Many airline pilots have fake credentials

(China Daily)
Updated: 2010-09-07 08:06
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BEIJING - Civil aviation officials have found that more than 200 pilots falsified their flying histories, with more than half of them working for the parent company of an airline involved in China's worst plane crash in several years, a report said Monday, citing a source with the civil aviation administration.

The results of investigations showed that in 2008-2009, airlines desperate for staff were hiring pilots whose resumes had been faked, the Shanghai-based newspaper China Business News reported on Monday.

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The newspaper report also noted that Shenzhen Airlines reportedly had 103 of the pilots with faked work histories on the payroll.

A spokesperson with the Civil Aviation Administration of China (CAAC) confirmed the figure of more than 200 pilots who falsified their flying histories, adding that all those found with fake resumes have been punished accordingly.

The report comes as the administration investigates safety measures nationwide following an Aug 24 crash that killed 42 people at a small airport in the northeast, in China's worst commercial airline disaster in nearly six years. Another 54 people were injured in the crash of the Brazilian-made Embraer 190 plane belonging to Henan Airlines during a nighttime landing at Yichun in Heilongjiang province.

Shenzhen Airlines is the parent company of Henan Airlines.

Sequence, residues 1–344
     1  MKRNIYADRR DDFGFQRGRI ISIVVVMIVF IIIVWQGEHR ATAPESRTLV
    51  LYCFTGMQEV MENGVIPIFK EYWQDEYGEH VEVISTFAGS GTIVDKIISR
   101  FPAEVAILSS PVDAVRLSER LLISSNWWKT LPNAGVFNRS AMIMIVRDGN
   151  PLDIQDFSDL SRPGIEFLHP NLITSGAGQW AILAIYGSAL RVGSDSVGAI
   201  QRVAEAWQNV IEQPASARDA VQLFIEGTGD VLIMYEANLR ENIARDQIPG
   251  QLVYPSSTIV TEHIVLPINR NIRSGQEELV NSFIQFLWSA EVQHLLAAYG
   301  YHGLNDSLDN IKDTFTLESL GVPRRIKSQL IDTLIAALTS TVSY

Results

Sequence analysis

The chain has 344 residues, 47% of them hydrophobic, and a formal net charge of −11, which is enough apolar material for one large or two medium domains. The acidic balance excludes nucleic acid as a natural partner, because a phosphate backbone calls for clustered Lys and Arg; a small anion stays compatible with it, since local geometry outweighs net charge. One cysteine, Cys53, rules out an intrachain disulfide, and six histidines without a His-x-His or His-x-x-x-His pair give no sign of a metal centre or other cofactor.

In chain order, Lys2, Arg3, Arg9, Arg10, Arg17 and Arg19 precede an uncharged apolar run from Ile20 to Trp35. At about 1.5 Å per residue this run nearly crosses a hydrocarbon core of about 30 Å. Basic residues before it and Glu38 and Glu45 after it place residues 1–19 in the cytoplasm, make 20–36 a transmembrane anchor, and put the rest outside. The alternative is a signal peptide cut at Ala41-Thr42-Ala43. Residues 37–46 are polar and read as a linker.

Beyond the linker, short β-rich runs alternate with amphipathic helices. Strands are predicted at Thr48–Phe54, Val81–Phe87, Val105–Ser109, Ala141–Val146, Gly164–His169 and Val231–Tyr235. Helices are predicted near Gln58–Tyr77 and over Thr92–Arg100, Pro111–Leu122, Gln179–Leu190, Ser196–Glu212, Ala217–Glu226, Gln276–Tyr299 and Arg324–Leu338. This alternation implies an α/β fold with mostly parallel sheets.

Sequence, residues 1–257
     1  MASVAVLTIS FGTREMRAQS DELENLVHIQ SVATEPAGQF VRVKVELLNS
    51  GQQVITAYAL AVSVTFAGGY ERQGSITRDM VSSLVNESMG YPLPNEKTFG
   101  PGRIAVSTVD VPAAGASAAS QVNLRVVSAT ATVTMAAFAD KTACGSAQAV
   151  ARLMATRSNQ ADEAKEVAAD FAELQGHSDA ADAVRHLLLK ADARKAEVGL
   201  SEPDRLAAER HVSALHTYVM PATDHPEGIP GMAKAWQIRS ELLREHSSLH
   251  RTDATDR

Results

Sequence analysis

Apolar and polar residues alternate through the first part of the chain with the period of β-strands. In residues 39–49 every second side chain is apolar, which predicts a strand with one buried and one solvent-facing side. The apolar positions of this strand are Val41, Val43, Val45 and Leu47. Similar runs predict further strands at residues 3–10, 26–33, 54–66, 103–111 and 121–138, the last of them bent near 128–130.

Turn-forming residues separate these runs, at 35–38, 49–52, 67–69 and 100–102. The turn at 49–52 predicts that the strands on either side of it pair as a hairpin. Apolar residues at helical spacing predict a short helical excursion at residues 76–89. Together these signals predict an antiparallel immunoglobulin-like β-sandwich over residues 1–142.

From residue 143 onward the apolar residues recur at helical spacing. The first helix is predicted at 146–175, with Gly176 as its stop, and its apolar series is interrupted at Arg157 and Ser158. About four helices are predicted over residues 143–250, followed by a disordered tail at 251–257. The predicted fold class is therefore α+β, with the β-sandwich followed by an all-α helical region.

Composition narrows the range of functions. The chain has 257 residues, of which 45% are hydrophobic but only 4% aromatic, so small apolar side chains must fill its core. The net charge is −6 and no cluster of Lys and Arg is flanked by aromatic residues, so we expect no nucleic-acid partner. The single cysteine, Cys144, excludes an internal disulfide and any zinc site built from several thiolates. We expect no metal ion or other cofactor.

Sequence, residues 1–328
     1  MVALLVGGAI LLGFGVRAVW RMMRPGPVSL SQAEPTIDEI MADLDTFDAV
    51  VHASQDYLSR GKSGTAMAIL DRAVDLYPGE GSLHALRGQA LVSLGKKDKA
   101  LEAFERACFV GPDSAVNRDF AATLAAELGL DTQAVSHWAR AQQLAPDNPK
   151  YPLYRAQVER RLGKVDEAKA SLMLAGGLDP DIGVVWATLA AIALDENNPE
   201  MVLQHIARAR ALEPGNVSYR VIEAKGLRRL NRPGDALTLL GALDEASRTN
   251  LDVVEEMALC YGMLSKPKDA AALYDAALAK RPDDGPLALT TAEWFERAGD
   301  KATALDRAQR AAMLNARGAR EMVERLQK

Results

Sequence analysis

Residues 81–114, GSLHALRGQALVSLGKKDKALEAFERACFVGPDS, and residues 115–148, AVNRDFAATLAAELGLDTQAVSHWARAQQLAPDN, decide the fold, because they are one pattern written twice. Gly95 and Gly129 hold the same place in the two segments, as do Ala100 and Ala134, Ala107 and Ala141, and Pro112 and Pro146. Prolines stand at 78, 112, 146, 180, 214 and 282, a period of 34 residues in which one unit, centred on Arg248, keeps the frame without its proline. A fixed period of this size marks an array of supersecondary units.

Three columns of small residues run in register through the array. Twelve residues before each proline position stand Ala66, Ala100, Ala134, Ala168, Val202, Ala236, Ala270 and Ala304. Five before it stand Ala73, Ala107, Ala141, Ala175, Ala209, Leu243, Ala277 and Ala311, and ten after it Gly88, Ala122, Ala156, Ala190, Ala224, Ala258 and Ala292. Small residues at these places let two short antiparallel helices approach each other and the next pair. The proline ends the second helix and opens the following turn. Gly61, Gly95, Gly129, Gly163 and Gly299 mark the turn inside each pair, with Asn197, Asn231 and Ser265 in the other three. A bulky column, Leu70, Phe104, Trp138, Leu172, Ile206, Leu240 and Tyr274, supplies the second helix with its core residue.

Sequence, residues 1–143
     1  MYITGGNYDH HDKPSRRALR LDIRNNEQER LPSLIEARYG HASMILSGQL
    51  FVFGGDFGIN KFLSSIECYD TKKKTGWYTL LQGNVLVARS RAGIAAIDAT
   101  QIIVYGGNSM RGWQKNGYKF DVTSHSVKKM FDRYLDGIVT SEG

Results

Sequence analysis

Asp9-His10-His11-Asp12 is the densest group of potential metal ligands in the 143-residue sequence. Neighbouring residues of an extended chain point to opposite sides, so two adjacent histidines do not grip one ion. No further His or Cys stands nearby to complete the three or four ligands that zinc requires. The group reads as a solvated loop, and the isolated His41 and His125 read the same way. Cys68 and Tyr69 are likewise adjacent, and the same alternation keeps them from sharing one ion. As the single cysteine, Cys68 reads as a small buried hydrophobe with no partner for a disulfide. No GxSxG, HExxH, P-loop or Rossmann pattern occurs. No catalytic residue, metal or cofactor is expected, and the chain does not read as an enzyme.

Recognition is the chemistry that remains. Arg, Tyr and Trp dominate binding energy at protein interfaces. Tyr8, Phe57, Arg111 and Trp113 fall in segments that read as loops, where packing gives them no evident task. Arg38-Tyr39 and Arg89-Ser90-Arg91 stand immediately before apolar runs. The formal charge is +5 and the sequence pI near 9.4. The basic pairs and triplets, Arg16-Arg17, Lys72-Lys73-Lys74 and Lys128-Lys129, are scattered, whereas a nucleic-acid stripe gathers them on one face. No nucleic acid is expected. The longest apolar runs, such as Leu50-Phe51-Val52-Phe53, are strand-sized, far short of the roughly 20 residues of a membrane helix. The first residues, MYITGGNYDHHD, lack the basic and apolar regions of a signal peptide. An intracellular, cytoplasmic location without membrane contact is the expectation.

Though the causes of the air crash have not been released, the CAAC has launched an overall safety overhaul, including checks on the qualifications of pilots.

"The civil aviation administration should have stopped those who falsified their flying histories. If not, they are also to be blamed for their relaxed inner controls and lack of supervision over the airlines," said Liu Weimin, aviation expert with the Civil Aviation Management Institute of China.

"The pilot's documentations to apply for a certificate to pilot commercial planes should be strictly audited by the administration. Random checks should be carried out by the authority to check on these pilots," he said.

Falsifying resumes does not only violate the aviation law, but could also bring danger to the whole aviation industry, threatening the lives of passengers as well as themselves, he added.

A commercial pilot with three years' flying experience who would only reveal his surname as Xu, told China Daily on Monday that the practice of falsifying flying history is no secret among the pilot circle.

"The rapid expansion of China's civil aviation requires more commercial pilots, and the gap was usually filled up by those pilots who drive military aircrafts but transferred to commercial flights," he said.

"These pilots were very likely to falsify their flying history in the military since it is hard to track and verify. By doing this, they can get promoted more quickly in flying commercial airplanes," he said.

"The airline companies only keep half an eye on this since they are happy to see more pilots certified by the administrative agency," he added.

The report has worried many passengers. Guo Can, a 25-year-old Beijing resident, said he would like to see the authorities strengthen the penalty against the pilots who had cheated in an effort to ensure the safety of passengers.

China Daily - AP